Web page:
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Interdisciplinary MFA Completes Residency in New Mexico

The Interdisciplinary MFA program recently completed its residency in New Mexico, where the cohort worked with renowned Santa Clara Pueblo ceramicist Roxanne Swentzell. They camped on her land, learned how to dig clay, made hand-built seed pots and fired the finished works in a pit.

 

“The New Mexico residency exemplifies what we do best in this grad program: provide opportunities for artists to participate deeply in the culture of sites in the Americas, while giving them the professional experience to thrive during this period of rapid changes in our field as well as the world at large,” explains Carol Padberg, director of the Interdisciplinary MFA program.

carol padberg, director of the interdisciplinary MFA program

“I dug my hands in the earth for the first time and found the dirt that called to me,” says Sto ’19. “We followed the Pueblo diet, ground the corn and planted the seeds to a deeper understanding of place and our connection with the land. We followed the water to the acequias of San Fidel with Seed Broadcast and entered into the folds of a community whose water is gold and whose philosophy of sharing we could all learn from. I soaked up so much and am still processing it all as I carry these experiences with me, back home into my daily life and into my art practice. These residencies embed you with so much that ends up growing into your work in unpredictable ways.”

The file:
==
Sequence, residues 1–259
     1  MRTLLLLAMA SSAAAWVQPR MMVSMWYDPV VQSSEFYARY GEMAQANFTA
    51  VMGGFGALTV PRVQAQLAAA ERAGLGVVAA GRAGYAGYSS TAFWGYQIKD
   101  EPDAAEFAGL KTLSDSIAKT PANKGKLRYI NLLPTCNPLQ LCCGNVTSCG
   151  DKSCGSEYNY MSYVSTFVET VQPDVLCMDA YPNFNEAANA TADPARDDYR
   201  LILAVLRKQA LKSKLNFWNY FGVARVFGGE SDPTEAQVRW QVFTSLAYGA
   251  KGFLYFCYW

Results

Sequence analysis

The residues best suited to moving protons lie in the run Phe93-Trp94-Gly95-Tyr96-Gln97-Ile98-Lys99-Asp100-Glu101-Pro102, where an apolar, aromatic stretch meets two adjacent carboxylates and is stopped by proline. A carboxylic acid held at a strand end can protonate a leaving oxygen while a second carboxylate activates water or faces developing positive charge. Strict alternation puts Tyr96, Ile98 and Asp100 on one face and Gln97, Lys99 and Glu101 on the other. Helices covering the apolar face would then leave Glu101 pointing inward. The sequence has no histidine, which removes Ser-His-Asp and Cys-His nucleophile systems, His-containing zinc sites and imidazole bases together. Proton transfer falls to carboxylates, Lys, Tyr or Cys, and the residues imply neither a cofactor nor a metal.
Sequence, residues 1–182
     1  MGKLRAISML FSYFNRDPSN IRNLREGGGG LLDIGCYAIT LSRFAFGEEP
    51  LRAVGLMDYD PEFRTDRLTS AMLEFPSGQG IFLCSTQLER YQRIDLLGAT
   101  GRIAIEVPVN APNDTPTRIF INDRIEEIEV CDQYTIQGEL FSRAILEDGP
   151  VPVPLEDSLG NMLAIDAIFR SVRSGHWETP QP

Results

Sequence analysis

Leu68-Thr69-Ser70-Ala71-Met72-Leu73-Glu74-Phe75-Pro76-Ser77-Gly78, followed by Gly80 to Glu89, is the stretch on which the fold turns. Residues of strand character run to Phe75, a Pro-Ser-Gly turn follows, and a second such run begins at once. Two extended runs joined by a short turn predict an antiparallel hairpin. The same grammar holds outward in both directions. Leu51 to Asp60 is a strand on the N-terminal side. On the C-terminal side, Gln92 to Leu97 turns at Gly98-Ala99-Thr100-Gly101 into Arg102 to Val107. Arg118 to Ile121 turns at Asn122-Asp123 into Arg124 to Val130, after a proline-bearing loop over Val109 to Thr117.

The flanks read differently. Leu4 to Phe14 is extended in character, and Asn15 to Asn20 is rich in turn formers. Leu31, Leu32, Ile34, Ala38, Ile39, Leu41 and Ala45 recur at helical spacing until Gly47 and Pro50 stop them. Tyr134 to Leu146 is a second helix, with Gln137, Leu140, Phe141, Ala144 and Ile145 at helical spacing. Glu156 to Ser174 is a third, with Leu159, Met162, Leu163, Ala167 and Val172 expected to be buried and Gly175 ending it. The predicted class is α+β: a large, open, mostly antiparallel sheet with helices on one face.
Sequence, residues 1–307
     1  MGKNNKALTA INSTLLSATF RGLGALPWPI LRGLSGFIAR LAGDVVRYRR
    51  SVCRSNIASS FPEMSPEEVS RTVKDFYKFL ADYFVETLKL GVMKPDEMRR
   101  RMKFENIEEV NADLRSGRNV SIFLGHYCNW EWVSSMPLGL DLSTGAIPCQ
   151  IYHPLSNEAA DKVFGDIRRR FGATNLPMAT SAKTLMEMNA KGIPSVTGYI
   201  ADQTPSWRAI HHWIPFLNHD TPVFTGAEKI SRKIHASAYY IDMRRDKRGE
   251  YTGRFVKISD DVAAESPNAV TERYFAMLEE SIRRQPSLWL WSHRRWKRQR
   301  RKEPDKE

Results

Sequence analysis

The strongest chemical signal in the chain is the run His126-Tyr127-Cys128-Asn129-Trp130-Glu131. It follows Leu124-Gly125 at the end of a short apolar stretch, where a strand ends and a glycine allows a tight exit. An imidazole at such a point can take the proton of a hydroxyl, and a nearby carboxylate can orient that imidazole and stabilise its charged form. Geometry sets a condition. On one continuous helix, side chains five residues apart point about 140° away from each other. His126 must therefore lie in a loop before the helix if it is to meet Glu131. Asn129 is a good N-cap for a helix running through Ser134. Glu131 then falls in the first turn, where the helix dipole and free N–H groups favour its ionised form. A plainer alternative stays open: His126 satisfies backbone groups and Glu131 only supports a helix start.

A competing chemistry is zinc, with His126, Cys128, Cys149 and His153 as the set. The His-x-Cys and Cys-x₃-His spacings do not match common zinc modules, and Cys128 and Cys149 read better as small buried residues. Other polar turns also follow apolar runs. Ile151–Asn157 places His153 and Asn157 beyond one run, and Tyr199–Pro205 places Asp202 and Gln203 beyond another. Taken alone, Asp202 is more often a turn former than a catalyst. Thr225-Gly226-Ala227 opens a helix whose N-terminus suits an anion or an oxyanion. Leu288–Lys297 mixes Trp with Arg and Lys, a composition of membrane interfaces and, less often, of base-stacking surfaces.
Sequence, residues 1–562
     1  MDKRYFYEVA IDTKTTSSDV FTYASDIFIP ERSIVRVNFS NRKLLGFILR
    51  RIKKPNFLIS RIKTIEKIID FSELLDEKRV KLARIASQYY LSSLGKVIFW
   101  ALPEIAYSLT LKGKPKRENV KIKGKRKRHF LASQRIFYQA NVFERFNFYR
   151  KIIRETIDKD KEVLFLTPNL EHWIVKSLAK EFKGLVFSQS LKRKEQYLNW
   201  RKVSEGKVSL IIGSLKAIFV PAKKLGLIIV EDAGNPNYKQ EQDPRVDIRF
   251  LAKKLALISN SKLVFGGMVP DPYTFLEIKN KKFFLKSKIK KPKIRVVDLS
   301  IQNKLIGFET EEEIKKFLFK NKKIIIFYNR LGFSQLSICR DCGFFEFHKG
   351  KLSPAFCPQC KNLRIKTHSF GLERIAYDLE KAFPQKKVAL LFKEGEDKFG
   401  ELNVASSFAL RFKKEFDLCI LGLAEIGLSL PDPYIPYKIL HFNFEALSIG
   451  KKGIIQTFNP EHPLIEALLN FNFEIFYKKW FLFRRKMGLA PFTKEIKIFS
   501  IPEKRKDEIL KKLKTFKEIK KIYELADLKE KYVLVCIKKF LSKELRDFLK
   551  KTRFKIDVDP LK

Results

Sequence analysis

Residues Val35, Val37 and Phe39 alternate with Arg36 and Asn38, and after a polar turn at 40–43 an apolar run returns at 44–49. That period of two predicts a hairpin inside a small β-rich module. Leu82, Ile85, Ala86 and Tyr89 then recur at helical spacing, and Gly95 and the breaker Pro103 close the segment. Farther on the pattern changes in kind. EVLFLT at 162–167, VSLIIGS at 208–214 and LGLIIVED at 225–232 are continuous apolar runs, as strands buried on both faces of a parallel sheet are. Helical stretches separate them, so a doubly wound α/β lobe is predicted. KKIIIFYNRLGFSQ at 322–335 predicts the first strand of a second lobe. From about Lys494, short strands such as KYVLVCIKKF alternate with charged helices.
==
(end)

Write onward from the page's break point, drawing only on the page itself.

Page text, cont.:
Sto, MFA candidate in the Interdisciplinary MFA program

Following their time in Santa Clara, students moved to Albuquerque, where they exhibited their work with the New Mexico art community. During the last week they worked with the artist collective Seed Broadcast, in the rural community of San Fidel. There, they helped clean the acequias, or water channels, that are used in these high desert farming communities, and researched seed sovereignty issues and the biological diversity of seeds. The students are now collaborating on their contribution to Seed Broadcast’s upcoming exhibition at the Albuquerque Museum.

ceramics made by the Nomad/9 cohort in New Mexico 

“These experiences are rare in graduate studies for artists, and our students were delighted to have access to experiences that many New Mexicans may rarely encounter,” says Padberg. “Our graduate program is built on an ethic reciprocity and regenerative relationships that activate the public mission of the University of Hartford.”

 

“This residency has been an amazing chance to connect with different communities in New Mexico that are difficult to access as an individual,” adds Leslie Sobel MFA ’19. “We've learned so much about the traditions of Native American and old Spanish communities and how they intersect in a very special way here. Keeping old ways alive feels both modern and very traditional here in a way one doesn't see in most of the United States.”

 

The Interdisciplinary MFA program will be on campus this summer to present an exhibition in Joseloff Gallery. Keep an eye on our events page for more details, and follow us on social media for daily updates.